US Envoy James McDonald meets with prime minister David Ben-Gurion in 1949.
(photo credit: COURTESY MCDONALD FAMILY)
At a conference in France eighty years ago this month, US diplomat James G. McDonald watched in frustration as representatives of governments from around the world essentially decided to do nothing to help Europe’s Jews on the eve of the Holocaust.
Seventy years ago this month, the same McDonald arrived in Tel Aviv as the first US envoy to the newborn State of Israel that had arisen from the ashes of the Shoah. The two anniversaries serve as fitting bookends to the most consequential decade in modern Jewish history.
McDonald, a Catholic from the Midwest, was a foreign policy scholar and journalist with no particular interest in Jewish affairs. That all changed when McDonald secured an interview with new chancellor of Germany, Adolf Hitler in 1933.
McDonald was the first American to hear Hitler explicitly vow to destroy the Jews.
In the years to follow, McDonald devoted himself to the cause of Europe’s Jewish refugees. In 1933, he was appointed as the League of Nations High Commissioner for Refugees Coming from Germany. But he resigned just two years later over the refusal of the international community to open its doors to Jewish refugees.
One of the sources of his frustration was president Franklin D. Roosevelt, whom he asked for a US contribution of $10,000 to support the commission’s work. It was a small token sum that McDonald hoped would encourage other countries to contribute. FDR promised to give the funds, but never came through with them.
The brutal persecution of Jews in Austria following the German annexation of Austria in March 1938 led to an outpouring of calls from Congress and journalists for US intervention. In response, President Roosevelt invited thirty-three countries to send delegates to a conference in Evian, France, to discuss the refugee crisis. McDonald was appointed as a member of the American delegation.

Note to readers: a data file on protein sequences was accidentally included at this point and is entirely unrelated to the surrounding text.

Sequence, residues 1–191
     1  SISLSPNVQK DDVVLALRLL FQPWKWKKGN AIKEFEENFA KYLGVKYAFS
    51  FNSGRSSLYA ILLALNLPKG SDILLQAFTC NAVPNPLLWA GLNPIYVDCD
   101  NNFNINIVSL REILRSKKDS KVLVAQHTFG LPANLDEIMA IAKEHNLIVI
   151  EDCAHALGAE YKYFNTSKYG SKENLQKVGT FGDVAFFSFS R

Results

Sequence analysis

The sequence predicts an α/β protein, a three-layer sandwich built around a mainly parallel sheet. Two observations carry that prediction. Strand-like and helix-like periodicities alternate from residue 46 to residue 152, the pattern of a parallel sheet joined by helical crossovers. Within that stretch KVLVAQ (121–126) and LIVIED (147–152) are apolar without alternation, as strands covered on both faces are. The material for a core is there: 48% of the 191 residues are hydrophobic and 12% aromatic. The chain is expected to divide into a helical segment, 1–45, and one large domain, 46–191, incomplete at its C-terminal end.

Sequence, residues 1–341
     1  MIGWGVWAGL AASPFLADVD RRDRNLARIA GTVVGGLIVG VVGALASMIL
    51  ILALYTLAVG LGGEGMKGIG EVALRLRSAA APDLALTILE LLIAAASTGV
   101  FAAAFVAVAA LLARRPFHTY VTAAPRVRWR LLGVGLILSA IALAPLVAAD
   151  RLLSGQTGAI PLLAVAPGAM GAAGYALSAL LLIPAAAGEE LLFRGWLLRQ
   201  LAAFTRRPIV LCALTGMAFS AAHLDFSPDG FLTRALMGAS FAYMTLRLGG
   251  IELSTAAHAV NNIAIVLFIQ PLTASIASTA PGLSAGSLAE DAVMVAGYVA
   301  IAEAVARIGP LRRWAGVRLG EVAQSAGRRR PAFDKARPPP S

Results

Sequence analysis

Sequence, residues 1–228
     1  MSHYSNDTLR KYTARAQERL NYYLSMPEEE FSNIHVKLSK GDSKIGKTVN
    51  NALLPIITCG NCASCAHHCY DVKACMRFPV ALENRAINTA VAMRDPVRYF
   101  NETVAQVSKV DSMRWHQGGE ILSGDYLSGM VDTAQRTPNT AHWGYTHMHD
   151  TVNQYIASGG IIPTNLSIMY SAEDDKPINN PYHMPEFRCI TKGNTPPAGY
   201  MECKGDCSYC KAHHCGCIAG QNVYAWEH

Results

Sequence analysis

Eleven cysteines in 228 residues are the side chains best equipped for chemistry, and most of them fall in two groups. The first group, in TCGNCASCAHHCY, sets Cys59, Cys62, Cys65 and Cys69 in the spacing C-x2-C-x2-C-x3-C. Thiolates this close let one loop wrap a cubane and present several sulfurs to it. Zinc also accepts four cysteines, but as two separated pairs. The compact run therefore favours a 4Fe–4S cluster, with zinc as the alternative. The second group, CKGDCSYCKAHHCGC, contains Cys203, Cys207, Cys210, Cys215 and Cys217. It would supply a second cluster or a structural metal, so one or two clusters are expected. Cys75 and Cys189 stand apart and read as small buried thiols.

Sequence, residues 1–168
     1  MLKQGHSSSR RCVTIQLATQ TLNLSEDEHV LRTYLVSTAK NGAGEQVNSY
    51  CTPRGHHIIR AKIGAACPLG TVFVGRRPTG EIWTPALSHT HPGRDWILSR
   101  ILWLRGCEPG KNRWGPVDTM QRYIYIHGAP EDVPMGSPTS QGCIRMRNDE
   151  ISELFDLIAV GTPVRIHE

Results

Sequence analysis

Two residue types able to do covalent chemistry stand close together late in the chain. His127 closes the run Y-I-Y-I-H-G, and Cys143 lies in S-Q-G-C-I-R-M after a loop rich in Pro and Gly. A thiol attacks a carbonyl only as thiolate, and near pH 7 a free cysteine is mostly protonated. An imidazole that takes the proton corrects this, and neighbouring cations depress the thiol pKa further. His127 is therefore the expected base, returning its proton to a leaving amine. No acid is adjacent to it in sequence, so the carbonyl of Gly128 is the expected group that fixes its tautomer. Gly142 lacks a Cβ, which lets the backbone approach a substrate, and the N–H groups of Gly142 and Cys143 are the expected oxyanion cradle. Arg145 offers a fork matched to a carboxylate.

FDR made it clear even before the conference opened that “no nation would be expected or asked to receive a greater number of emigrants than is permitted by its existing legislation,” and that the US was not ready to take any special steps, either. “We knew that inevitably Evian would create bitter disappointment,” McDonald remarked soon after the conference.
And so it did. Delegate after delegate declared that their countries would not admit more Jews.
The Australian representative announced that “as we have no real racial problem, we are not desirous of importing one.”
Golda Meir, who attended Evian as an observer, said afterwards that “nothing was accomplished at Evian except phraseology... There is only one thing I hope to see before I die, and that is that my people should not need expressions of sympathy any more.”
Beginning in the spring of 1938, McDonald also served as chairman of the President’s Advisory Committee on Political Refugees. FDR told McDonald he would consider seeking a $150 million Congressional appropriation to resettle Jewish refugees.
Once again, Roosevelt broke his promise; he never requested those funds.
Although the president usually ignored the committee’s advice, and the administration’s severe immigration policy made their work extremely difficult, McDonald and his colleagues helped bring over 2,000 Jewish refugees to safety in the United States during those years.
Oddly, McDonald’s heroic efforts are not mentioned at all in the new exhibit on “Americans and the Holocaust” that recently opened at the United States Holocaust Memorial Museum, in Washington, D.C. The curators say there wasn’t enough room in the 5,400-square foot exhibit to mention McDonald.
That’s hard to believe.
Many people suspect – with justification, I think – that the real reason the Museum curators omitted McDonald is because his story reflects poorly on President Roosevelt’s record. A major theme of the exhibit is that FDR did his best to help the Jews, but not much could be done. McDonald’s diaries prove otherwise. They were donated to the US Holocaust Museum by his daughters and published in four volumes from 2007 to 2017. Maybe the curators should have consulted the diaries when they were preparing the exhibit.
McDonald arrived in Tel Aviv in July 1948, as the first US government representative to the new Jewish State. At crucial stages during the War of Independence, he intervened with president Harry Truman to avert sanctions that the State Department wanted to impose because Israel refused to surrender the Negev.
In February 1949, President Truman appointed James McDonald the first United States Ambassador to Israel.
After his years of bitter experience trying to stand up against the world’s abandonment of the Jews, McDonald keenly understood the need for the Jewish state to have a defensible southern border, so that the fate of the Jewish people would never again be subject to the mercies of the international community. This month’s anniversaries of the Evian conference and McDonald’s service in Israel offer poignant reminders of that powerful historical lesson.
The writer is an Israeli-American filmmaker who has produced and directed critically acclaimed documentaries about Jewish women in sports, Israeli-Palestinian women peacemaking efforts, and the Holocaust.
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